Ultimately, Slender: The Arrival retains the same experience as the previous versions, though it lacks the visual polish of the PC original. The move to PS4 also gives it tougher competition as far as horror games go, especially compared to the superior (and still free) P.T. If you lack a capable PC, this console re-release should suffice, otherwise stick to the cheaper and technically more proficient alternative.
Overall, Slender: The Arrival was pretty well done. It has issues. Make no mistake. There were a lot of glitches (unintentional ones), a lot of scaling and framerate issues, as well as limited controls, vast amounts of dead space, and a story that could still be fleshed out more before being a contender. It needs a graphics update and some good voice actors as well. Again, this game is ten bucks and two hours long, so I wasn't really expecting a massive surprise of awesomeness. But even my innate fear of the Slender Man mythos wasn't enough to keep me invested enough in this game to want or even try a second playthrough. I am a huge fan of psychological thrillers. But for what this game has in its psychological scare tactics, it totally lacks in the things that make a game one that you'd want to come back to and play again and again. So as the title implies, this game truly is thick on scares but slender on everything else.
The audio is impeccable – all the locations have a foreboding ambience that is heightened by excellent use of sound effects to put you on edge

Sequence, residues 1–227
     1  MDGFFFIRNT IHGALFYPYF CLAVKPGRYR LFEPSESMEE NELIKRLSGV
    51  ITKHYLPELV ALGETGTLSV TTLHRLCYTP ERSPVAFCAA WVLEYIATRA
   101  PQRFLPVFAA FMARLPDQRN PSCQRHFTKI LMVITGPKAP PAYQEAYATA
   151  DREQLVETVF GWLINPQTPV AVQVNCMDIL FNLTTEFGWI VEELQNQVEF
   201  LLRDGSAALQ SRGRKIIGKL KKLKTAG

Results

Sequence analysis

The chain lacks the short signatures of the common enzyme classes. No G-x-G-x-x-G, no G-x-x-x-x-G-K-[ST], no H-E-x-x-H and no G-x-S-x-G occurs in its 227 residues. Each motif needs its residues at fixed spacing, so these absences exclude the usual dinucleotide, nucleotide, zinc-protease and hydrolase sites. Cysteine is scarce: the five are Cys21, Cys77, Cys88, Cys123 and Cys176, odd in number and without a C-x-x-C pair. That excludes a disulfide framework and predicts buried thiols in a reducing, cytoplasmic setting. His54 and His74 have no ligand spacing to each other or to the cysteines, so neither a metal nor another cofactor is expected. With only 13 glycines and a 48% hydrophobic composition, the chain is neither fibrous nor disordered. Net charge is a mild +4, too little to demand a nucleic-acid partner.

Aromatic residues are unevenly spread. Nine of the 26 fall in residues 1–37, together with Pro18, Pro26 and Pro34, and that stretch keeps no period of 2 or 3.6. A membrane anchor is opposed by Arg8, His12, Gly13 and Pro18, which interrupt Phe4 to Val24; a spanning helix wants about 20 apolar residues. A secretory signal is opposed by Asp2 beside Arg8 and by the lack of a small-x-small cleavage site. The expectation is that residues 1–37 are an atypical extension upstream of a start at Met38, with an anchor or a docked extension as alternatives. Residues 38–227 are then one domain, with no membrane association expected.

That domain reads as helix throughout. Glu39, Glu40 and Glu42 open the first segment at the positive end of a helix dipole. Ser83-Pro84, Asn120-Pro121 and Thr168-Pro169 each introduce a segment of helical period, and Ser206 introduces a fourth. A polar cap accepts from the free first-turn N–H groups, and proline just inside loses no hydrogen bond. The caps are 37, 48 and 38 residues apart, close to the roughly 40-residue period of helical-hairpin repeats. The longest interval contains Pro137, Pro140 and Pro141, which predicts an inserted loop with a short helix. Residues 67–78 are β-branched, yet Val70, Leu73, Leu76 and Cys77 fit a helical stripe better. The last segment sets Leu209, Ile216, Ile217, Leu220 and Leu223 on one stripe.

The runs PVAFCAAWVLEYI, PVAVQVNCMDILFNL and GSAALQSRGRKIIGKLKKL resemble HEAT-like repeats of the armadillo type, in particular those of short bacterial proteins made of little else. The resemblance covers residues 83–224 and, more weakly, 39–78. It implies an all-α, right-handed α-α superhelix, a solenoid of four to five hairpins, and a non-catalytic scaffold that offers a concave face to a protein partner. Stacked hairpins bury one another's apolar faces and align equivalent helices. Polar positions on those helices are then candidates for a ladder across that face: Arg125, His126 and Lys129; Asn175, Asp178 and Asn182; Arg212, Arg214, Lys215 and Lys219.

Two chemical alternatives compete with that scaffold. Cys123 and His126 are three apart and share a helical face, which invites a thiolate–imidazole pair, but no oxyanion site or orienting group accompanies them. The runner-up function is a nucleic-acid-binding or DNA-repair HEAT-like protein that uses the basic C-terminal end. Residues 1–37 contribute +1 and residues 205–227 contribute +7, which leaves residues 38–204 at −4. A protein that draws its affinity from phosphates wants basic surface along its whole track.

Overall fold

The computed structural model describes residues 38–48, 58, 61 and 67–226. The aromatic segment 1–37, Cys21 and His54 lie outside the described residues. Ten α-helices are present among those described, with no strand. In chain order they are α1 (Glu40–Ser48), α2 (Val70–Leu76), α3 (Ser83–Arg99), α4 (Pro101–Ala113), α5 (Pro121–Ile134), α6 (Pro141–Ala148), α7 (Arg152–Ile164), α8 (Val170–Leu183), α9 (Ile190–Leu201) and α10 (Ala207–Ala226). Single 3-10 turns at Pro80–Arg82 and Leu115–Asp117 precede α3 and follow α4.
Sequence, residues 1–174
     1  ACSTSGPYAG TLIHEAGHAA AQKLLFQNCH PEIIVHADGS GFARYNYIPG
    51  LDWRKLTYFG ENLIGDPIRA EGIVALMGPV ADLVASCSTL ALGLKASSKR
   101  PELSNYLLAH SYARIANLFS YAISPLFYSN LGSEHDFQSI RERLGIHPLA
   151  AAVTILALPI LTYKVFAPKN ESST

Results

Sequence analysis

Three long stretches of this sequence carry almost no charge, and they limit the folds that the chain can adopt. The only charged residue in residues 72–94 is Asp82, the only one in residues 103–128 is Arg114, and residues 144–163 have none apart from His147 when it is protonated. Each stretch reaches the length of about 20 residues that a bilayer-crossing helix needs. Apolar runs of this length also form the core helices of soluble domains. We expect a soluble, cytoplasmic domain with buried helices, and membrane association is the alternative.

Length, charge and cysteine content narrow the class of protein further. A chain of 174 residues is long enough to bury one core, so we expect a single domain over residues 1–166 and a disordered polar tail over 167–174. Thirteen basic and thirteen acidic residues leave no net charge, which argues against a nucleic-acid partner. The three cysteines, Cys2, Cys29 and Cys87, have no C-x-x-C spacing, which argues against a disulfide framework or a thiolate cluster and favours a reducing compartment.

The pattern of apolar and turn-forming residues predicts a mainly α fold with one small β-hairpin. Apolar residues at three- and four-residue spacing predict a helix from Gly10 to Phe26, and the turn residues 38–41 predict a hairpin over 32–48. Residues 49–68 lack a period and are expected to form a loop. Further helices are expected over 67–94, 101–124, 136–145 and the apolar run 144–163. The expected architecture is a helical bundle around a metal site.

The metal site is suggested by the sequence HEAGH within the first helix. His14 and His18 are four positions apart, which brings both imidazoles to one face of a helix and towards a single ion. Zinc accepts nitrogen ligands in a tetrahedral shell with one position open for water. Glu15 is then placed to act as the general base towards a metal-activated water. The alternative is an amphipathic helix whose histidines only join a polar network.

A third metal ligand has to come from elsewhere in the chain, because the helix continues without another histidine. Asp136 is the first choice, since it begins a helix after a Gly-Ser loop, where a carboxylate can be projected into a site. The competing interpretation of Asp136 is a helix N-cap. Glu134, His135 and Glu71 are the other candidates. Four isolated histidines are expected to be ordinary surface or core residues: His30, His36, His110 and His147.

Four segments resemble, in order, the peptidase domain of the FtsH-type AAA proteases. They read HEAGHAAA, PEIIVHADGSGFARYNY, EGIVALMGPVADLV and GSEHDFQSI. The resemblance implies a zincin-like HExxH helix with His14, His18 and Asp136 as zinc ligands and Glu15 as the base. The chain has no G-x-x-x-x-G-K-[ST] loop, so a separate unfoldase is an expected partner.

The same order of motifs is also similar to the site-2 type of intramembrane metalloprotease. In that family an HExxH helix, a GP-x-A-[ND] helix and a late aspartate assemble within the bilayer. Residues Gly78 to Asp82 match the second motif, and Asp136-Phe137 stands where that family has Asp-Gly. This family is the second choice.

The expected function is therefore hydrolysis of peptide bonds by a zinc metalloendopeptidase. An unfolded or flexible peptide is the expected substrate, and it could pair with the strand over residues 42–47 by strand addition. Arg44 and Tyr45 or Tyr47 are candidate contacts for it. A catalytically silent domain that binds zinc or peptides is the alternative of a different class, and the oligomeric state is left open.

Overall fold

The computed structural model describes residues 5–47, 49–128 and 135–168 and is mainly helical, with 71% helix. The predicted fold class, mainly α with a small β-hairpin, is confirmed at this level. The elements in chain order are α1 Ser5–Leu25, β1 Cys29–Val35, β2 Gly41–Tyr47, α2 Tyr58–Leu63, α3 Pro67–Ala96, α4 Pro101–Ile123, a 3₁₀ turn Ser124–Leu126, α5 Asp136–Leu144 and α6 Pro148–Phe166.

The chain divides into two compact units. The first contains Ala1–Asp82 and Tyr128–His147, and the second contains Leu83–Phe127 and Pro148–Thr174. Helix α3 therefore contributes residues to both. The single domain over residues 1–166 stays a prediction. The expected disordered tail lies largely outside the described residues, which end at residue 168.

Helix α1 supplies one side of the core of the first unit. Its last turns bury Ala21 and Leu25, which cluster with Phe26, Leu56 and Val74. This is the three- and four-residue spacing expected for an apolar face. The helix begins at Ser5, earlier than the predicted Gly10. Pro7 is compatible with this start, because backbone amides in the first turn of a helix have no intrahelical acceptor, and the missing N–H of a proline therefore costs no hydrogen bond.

Although it may please fans of the original, Slender: The Arrival's dull, repetitive mechanics, unsatisfying story and archaic visual design hold it back from being a worthy addition to the horror genre.
The final nail in 'Slender: The Arrival's coffin is the simple fact that it's been uprezzed and cleaned up for the wrong gen, a generation where Hideo Kojima/Guillermo Del Toro's 'P.T.' has many of the same ideas, executed with maturity and expert dread, where progression isn't dependent on escaping the horror, but being forced to walk up and let it terrorize you face to face, and most importantly, it's an experience that's 100% free. 'Slender' offering something a similarly unique experience, but undoubtedly lesser, predicated on the success of successive, telegraphed jump scares and repetitive exploration can't hope to compete, and couldn't even if 'P.T.' wasn't in the picture. The result is a game that feels, pun unintended, thin on content.